Archive for antiques
It is with very heavy heart that I must take a hiatus from this blog for medical reasons. I truly enjoy posting, musing about art and oddities, cracking my dry little jokes and hearing what you all have to say.
So as not to completely abandon the site, I may turn it into a “tumblr” of sorts for the next month and simply post random images that happen to grace my desktop (sans commentary).
Of course, I will continue to read and greatly appreciate all comments…but it is unlikely that I will be able to respond for a bit, since part of the medical condition responsible for this hiatus makes it extremely painful to type.
Thank you so much for continuing to support this blog. I can’t wait to get back to it full force. We shall celebrate!
Due to my continuing health problems (which make it hard to type…bad pain in the hands and fingers), this coming week is Wordless Week.
As much as I truly enjoy writing commentary and personal reactions to things I post, the show must go on any way it can. There are hundreds of things to share in my queue! I’ll leave it up to you guys to add comments and be my voice.
1870′s pantomime (from the Metropolitan Museum of Art collection) welcomes you…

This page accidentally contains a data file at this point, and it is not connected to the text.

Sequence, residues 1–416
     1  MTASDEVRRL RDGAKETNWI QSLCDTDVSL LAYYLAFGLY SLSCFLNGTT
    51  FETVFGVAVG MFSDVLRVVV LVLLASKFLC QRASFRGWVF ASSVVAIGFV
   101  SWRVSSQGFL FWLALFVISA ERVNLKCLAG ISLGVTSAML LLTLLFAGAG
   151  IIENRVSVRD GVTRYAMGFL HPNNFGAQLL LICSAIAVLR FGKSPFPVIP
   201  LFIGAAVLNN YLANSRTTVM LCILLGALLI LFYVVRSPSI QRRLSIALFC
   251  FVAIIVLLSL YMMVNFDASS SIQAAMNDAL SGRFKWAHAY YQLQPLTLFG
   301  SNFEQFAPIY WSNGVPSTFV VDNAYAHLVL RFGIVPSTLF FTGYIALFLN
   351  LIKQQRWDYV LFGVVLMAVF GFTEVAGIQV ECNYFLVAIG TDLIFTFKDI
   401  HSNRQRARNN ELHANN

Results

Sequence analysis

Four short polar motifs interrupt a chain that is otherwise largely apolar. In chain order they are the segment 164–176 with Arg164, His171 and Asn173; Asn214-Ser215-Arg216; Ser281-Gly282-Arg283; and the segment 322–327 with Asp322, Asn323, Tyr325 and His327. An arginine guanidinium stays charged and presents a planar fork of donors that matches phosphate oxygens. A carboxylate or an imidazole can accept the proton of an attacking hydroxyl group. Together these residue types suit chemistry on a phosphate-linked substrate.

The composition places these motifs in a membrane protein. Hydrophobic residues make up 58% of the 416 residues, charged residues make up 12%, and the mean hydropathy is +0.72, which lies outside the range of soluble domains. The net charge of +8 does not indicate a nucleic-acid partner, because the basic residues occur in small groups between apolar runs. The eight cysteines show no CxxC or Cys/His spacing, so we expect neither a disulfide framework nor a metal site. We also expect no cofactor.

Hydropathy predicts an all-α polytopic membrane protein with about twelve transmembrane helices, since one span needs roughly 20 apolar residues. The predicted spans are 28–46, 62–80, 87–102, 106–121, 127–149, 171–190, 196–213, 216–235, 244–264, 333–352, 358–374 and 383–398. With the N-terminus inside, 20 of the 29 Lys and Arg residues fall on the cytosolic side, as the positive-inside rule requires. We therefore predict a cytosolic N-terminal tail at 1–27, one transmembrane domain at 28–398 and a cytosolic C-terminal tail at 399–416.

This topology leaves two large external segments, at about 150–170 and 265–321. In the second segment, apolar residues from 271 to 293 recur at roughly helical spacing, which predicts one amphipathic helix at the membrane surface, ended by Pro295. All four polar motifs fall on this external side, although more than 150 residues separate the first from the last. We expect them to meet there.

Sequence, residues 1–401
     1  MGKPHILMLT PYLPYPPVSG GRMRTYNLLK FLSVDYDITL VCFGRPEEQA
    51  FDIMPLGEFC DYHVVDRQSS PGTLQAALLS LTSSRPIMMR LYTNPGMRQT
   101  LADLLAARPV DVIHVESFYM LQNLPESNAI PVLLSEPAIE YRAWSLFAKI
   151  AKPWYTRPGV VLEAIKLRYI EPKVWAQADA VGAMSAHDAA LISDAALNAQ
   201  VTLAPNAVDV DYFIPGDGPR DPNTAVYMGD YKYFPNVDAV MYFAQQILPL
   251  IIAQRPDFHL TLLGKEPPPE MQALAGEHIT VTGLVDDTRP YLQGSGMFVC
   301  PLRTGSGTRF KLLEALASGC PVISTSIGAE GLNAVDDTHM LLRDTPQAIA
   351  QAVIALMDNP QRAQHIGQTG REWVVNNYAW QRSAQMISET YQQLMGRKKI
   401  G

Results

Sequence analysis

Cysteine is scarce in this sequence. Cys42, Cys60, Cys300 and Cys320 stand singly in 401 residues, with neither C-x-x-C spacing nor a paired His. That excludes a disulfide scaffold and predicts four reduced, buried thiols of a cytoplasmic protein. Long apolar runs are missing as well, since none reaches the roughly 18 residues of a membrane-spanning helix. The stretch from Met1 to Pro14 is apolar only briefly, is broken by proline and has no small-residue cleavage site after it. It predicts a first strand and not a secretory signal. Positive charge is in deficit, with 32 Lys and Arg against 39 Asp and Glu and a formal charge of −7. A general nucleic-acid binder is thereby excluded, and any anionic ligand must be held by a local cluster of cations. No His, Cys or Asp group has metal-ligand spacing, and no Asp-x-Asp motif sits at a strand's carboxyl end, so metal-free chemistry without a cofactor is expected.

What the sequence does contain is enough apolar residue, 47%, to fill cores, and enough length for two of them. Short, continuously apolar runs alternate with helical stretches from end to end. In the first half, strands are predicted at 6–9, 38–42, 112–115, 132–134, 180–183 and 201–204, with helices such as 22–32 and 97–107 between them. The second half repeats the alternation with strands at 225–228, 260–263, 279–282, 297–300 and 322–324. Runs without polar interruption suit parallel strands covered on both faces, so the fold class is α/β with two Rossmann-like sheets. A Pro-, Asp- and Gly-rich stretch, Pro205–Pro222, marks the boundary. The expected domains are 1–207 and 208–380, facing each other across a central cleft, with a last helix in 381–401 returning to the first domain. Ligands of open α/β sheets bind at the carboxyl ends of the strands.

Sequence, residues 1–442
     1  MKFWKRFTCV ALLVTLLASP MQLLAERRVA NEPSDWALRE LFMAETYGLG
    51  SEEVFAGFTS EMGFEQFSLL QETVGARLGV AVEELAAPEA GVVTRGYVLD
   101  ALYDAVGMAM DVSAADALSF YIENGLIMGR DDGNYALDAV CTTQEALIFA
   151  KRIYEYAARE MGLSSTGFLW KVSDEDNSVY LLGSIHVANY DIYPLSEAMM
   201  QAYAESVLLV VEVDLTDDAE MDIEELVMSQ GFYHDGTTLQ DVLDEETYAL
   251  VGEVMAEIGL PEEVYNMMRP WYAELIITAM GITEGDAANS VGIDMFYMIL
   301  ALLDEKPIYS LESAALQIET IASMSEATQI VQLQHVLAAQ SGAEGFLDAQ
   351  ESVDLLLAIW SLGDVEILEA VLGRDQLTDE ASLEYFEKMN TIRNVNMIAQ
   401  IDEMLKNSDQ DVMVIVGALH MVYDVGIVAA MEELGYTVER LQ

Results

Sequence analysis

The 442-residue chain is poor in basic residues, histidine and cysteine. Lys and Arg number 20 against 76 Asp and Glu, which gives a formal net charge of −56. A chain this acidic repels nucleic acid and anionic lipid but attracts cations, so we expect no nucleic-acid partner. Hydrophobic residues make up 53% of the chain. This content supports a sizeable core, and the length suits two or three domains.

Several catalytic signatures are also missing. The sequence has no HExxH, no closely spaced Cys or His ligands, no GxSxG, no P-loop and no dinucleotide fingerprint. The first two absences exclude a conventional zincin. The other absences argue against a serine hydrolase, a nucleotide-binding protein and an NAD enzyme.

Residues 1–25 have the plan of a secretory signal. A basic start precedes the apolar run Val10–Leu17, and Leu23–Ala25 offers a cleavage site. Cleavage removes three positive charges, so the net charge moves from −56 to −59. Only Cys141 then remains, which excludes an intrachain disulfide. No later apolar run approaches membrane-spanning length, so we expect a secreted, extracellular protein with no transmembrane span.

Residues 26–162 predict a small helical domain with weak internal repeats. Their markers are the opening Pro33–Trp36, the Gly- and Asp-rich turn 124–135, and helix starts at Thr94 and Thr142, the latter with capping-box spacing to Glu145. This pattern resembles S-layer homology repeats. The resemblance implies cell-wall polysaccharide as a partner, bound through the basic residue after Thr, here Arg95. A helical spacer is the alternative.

I wish I knew more about this photo.
Antique clocks have such charm, and some truly unique ones do exist (though for all I know, this one could be a recent sculpture project). If anyone knows the origin of this clock, or has photos/suggestions for other interesting ones, please let me know!
This great article features an 1840′s miniature butcher shop, complete with a series of strung-up meats.
A few different theories surround this incredible creation. Some believe it was intended for presumably less squeamish children of the Victorian era, while others call attention to the popular trend of miniatures for adults at the time. Either way, it’s an intriguing artifact.
This 1900 model, on the other hand, was made by esteemed German toymaker Christian Hacker (definitely intended for children):
See more (including doll houses and a pet shop) at Collector’s Weekly.
Sometimes I just have to swoon over things I cannot afford on a grad student budget. Case in point: Magnolia Hall.
I can’t even venture back into the fireplace section of the site (it’s all just…too stunningly painful). So let’s just look at some lamps, shall we?
Gorgeous (dare I say luscious?) Victorian style lamps and lamp fixtures…
See more here (this post will get an “antiques” tag even though these are only reproductions because these items have such an antique feel).
Thank you, Headless Hearseman for this one:
I have some things to do this week that will prevent spending time on this blog (oh, LIFE!). However, since there are always hundreds of things lurking on my desktop at any given time, I’ve decided to do a little “micro-blogging” instead of my usual posting style.
Expect the usual daily fare, in bite sized pieces (I won’t call them “fun sized” because fun sized candy would actually be more fun if it were bigger…we all know it).
More detailed posts will return ASAP.
The Pictoral Arts has a nice little post about early 20th Century costumes for musical revues. Here are my favorites among them.
See a few more here.